• Getting over ourselves

One of the key sentences in the book is about the edge:

“So the focus must be on allowing participants to manage their own experience, so they can be on the edge of their comfort zone, and not pushed beyond it”

During these ideal moments, there is some sense of stillness in the room: the stillness of being pushed, but not beyond. When the audience collaboratively works through the assignments to internalize the new knowledge acquired from the speaker/igniter.

When there is almost whisper in the air.

When the assignment comes natural, unforced, and gentle. When the room and the atmosphere just feel right. “Right” like in Christopher Alexander’s “Timeless Way of Building” and the sculptural integrity that goes with it.

I am reminded here of Spanish painter and sculptor Joan Miró (April 20, 1893–December 25, 1983), whose masterpieces upended the conventions of visual art by giving life to a new aesthetic of vibrant stillness. (from Brainpickings.org)

“Miró’s most potent point deals with the proper gestational period for art and the painstaking care that goes into any worthwhile creative labor. In an age when the vast majority of our cultural material is reduced to “content” and “assets,” factory-farmed by a media machine that turns creators into Pavlovian creatures hooked on constant and immediate positive reinforcement via “likes” and “shares,” here comes a sorely needed reminder that art operates on a wholly different time scale and demands a wholly different pace of cultivation.”

“Miró defies this factory-farming model of art with the perfect metaphor: If a canvas remains in progress for years in my studio, that doesn’t worry me. On the contrary, when I’m rich in canvases which have a point of departure vital enough to set off a series of rhythms, a new life, new living things, I’m happy.

“I consider my studio as a kitchen garden. Here, there are artichokes. There, potatoes. Leaves must be cut so that the fruit can grow. At the right moment, I must prune.”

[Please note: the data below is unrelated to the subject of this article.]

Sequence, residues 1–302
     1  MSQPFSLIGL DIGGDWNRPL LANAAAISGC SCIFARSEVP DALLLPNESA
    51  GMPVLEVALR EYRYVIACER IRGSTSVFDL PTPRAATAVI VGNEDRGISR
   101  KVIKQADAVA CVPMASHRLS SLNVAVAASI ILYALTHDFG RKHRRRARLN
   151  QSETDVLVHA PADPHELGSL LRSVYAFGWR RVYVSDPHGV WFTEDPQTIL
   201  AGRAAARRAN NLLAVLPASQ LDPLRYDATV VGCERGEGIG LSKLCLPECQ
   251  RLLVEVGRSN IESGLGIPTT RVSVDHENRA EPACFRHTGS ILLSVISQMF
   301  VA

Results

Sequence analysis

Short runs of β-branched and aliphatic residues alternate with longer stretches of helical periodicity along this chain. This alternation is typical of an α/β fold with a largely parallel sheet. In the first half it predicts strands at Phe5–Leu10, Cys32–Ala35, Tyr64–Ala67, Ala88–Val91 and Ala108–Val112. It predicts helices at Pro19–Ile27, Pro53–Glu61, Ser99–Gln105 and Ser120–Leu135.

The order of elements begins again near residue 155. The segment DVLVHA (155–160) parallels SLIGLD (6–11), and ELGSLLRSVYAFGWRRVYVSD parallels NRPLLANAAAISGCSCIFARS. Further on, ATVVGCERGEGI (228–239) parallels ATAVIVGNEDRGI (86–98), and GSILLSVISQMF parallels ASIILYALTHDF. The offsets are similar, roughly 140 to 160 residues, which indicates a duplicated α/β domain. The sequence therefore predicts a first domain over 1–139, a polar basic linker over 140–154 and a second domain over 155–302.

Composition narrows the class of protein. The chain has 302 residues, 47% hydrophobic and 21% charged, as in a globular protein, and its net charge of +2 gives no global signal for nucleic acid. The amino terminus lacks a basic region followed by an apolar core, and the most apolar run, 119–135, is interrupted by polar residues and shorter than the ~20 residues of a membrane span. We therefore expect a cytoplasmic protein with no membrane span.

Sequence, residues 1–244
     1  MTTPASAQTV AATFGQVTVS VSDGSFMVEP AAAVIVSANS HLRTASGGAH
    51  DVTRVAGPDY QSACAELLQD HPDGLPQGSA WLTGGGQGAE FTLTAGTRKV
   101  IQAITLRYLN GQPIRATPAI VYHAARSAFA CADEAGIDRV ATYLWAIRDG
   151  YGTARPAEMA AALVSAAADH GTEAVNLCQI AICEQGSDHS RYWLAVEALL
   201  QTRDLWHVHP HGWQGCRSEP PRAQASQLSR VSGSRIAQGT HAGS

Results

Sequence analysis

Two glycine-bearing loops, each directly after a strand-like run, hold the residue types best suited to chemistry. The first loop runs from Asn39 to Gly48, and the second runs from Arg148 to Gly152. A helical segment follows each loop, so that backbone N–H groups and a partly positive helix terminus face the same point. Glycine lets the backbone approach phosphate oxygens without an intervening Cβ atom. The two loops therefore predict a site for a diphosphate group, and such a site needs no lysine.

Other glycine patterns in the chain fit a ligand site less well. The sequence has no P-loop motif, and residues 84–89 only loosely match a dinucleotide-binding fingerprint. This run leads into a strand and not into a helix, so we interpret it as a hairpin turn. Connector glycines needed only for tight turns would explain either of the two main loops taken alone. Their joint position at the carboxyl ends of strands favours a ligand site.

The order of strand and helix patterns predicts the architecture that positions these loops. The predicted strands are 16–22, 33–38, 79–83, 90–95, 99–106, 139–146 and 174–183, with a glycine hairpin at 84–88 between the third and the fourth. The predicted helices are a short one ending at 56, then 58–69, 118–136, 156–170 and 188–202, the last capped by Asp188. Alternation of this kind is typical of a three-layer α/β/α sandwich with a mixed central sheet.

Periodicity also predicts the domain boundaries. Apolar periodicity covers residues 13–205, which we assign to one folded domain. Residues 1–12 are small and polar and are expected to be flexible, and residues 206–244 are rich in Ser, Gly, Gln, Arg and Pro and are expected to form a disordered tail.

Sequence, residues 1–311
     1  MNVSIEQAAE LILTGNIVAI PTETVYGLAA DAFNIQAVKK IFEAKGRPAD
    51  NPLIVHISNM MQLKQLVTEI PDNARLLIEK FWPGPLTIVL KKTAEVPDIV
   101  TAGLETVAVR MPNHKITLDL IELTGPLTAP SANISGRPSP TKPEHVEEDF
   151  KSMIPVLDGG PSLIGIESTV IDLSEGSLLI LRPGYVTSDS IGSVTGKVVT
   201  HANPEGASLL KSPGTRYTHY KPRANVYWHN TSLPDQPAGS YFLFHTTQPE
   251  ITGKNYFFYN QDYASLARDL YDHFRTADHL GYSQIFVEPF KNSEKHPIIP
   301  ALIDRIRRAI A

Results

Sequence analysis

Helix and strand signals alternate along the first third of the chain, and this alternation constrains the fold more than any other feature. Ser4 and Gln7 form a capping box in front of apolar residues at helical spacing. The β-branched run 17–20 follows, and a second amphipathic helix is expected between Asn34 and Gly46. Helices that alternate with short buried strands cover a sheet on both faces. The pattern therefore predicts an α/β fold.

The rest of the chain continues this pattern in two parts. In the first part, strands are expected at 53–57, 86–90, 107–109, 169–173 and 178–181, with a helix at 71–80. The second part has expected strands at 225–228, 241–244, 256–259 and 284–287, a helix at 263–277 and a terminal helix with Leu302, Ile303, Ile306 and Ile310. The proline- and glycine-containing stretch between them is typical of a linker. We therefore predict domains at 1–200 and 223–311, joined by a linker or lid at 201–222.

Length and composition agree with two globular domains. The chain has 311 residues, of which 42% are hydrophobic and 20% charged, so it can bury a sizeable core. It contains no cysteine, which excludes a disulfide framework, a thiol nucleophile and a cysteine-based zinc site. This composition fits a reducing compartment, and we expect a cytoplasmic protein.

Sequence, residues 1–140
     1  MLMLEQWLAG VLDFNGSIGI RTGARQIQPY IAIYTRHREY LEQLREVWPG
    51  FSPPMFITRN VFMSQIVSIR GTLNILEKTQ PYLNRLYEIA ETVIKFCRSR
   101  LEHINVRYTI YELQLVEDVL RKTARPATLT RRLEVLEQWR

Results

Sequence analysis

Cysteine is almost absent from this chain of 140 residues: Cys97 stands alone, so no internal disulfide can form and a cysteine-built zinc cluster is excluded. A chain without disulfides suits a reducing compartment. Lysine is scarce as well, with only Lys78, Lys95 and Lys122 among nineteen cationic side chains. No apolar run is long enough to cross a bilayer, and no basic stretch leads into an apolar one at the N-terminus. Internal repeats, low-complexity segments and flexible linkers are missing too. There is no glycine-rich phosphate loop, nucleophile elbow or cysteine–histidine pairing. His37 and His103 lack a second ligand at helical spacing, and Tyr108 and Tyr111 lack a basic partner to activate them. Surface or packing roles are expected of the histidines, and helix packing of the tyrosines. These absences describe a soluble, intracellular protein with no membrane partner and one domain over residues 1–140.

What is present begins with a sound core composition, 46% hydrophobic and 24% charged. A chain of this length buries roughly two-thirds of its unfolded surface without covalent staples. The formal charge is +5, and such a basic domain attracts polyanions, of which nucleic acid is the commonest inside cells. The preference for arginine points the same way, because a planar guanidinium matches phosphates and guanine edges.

joan miro catalan landscape

Joan Miró: ‘Catalan Landscape,’ 1924

“I work like a gardener… Things come slowly… Things follow their natural course. They grow, they ripen. I must graft. I must water… Ripening goes on in my mind. So I’m always working at a great many things at the same time.”

I leave you with a quote from my 9-year-old daughter, who savours the start of each day with new curiosity.

“It smells so good outside, it smells like it just snowed”

This freshness and openness for new learning experiences and development at the edges is the Essence of Work.

At the edge, but not beyond.

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This post is part-9 of a series of ten essays on the essence of work. For an introduction and overview of previous posts, check here.

Geert Degrande is a Flemish writer, author, translator, journalist, listener, and innovator. We met in 2009 as part of my personal self-discovery journey. Geert was a witness of the coming-out ceremony at the end of that journey. It was also the start of this blog in April 2009 with “Singing my own song”.

Begin 2015, Geert introduced me to Fabiaan Van Vrekhem, who was working with Geert on a book about disruption. To be honest, I was a bit suspicious, as after all these years, i have seen so much abuse of the buzzwords innovation and disruption.

We met for a coffee in Fabiaan’s offices in Brussels on a warm spring day in April 2015, almost day on day 6 years after my first blog post, I only realize now.